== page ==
Enumclaw approves six-year street improvement plan

Nothing is concrete, but you can expect several of these projects to affect your local commute in the future.

Correction: A previous version of this article, and the print article, incorrectly reported that the money designated for the Porter Street pedestrian improvements, planned for 2024, were for construction. The money is actually for designing the project. This article has been updated, and a correction will be posted in the May 11 edition.

Hundreds of thousands of dollars are spent every year to help Enumclaw residents improve how they get around town, and last week’s city council meeting was an opportunity to check out what projects are expected to be tackled in the next few years.

The project list, known as a Transportation Improvement Program (TIP), is a annual document required by the state that lays out six years-worth of street upgrade and maintenance plans inside city limits. Without the list, the city would be ineligible for state and federal transportation improvement grants, leaving local taxpayers on the hook to fund these projects.

The Enumclaw City Council hosted a public hearing on their six-year TIP during its April 25 meeting — no one spoke, so the the council passed the plan that night.

Although the council approves a plan every year, this does not set these projects in stone, and adjustments are not only common, but expected.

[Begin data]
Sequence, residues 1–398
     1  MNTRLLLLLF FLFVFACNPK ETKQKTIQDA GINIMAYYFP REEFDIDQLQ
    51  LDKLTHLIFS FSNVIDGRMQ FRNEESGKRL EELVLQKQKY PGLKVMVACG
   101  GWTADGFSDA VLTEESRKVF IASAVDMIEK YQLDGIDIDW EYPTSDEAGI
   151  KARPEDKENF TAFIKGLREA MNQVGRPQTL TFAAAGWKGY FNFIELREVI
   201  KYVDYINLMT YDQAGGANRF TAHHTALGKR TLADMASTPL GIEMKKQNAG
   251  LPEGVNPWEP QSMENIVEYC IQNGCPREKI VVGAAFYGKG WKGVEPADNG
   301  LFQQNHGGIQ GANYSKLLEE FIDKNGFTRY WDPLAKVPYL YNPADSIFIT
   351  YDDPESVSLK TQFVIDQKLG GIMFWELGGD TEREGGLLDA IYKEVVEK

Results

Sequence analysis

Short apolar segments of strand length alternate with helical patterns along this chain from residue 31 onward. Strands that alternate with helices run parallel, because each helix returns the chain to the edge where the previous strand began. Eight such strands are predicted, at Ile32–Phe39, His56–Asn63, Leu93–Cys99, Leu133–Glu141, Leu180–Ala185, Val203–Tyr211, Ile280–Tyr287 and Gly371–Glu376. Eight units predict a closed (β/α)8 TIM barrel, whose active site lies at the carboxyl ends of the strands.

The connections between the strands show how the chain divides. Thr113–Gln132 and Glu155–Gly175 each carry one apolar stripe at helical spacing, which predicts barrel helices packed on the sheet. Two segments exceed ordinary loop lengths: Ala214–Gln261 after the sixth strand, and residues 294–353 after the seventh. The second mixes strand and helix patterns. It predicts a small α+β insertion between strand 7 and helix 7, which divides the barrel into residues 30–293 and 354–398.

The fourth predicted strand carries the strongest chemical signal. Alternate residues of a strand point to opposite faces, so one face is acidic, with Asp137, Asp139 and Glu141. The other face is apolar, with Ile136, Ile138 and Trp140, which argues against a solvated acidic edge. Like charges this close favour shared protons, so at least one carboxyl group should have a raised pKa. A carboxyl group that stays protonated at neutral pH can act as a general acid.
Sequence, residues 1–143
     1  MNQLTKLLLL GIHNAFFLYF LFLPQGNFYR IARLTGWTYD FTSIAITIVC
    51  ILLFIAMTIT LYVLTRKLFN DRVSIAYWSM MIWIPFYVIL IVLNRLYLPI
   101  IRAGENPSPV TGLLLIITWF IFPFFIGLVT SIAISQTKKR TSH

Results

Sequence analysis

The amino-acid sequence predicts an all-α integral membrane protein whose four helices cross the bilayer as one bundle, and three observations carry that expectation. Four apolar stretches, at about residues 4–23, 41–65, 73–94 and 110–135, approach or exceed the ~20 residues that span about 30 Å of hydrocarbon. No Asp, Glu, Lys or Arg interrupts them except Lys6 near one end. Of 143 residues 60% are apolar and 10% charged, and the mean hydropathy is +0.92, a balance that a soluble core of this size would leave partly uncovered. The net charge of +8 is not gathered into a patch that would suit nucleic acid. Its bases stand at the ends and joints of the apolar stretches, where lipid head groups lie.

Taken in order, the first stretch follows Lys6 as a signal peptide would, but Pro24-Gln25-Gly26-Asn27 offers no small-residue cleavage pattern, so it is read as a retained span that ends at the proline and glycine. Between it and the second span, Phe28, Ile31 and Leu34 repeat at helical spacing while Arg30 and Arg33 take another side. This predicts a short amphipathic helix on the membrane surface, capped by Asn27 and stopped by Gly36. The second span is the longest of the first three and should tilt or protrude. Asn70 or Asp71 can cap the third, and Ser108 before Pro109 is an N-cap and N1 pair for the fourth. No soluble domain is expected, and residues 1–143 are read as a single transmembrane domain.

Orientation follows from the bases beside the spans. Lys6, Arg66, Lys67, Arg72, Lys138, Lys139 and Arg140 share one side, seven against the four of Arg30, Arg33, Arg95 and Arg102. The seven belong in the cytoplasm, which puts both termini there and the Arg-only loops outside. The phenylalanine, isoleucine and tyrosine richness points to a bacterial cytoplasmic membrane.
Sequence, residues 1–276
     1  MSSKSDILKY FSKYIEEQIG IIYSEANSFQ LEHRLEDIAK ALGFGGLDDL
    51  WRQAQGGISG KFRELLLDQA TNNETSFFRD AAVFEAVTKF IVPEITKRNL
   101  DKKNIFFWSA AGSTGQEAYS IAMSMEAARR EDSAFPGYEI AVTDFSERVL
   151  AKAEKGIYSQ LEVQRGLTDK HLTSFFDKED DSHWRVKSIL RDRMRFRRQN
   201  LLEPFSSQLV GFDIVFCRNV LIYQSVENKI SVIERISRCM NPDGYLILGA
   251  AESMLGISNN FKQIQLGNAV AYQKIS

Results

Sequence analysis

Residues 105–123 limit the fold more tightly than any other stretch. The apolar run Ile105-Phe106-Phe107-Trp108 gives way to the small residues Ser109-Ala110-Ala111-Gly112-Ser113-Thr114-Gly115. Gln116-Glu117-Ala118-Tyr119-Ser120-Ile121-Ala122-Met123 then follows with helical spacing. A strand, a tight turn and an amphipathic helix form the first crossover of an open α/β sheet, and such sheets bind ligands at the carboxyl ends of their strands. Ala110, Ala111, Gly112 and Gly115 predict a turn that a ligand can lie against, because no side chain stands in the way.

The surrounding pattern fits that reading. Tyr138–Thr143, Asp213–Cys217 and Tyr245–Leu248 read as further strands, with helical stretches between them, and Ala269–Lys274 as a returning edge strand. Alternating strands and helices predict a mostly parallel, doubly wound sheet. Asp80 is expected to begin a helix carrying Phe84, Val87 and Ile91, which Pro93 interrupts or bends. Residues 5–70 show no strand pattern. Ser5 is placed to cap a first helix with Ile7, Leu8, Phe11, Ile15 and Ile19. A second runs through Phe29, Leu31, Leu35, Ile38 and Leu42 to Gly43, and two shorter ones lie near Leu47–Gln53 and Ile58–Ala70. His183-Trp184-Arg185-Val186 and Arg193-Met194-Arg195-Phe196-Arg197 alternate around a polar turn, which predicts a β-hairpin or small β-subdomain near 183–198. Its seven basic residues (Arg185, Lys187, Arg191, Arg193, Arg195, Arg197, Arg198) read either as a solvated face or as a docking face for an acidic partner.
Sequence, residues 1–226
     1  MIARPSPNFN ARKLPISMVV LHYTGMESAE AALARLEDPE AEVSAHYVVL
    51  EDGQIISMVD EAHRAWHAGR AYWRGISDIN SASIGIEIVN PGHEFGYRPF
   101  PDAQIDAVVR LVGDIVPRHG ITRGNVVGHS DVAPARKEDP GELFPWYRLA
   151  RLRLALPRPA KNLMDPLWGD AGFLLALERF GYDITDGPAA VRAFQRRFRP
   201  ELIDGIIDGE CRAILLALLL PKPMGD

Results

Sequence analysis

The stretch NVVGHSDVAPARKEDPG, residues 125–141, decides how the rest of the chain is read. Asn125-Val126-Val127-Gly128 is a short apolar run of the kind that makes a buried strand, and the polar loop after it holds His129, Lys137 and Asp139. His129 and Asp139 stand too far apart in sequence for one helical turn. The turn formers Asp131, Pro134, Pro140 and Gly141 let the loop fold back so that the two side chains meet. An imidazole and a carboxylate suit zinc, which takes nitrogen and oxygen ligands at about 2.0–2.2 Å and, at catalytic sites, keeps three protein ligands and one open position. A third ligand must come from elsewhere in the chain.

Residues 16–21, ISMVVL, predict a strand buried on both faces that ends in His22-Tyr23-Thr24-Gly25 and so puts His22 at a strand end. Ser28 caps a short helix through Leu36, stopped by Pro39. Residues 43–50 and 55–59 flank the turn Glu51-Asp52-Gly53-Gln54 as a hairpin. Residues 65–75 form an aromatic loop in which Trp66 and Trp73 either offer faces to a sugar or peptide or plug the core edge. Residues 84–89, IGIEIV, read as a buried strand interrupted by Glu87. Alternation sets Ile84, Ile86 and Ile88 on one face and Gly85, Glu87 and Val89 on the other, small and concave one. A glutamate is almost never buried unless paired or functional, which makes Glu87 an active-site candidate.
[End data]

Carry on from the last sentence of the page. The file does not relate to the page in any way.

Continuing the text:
Still, it gives locals a good idea of where Enumclaw plans to spend local, state, and federal dollars on minor and major street projects around the city.


The year is still young, and the city wants to tackle four significant projects by the end of 2022, several of which may come to affect local traffic.

One of those, which is already underway, is a Myrtle Avenue pavement preservation project, which includes a complete replacement of the pavement from Cole Street to Wells Street.

“Although we could have replaced selected concrete panels that were extensively cracked, the project was championed by former council member Hoke Overland who believed that rebuilding the entire street would complement downtown events at the tent, Sundays on Cole and the weekend street closures,” City Administrator Chris Search said in an email interview.

Tearing up the street also allows for ADA improvements to be made to the Myrtle Avenue and Wells Street intersection, which include curb ramps on each corner.

The $350,000 project started March 7 and is expected to wrap up at the end of May.

Another project that may affect downtown parking includes some resurfacing, spot repairs (especially to root-heaved sections), and lighting installations to the parking lots behind the Chamber of Commerce building and next to Rotary Park.

The work is expected to begin Aug. 1 and be completed by mid-September. Total project costs will come in around $230,000.

“Downtown parking will be impacted during construction, but selecting August appeared to have the least impact on special events,” Searcy said.

The third is rehabilitating — or repairing — Warner Avenue from state Route 410 to Berninger Street, about a mile of road.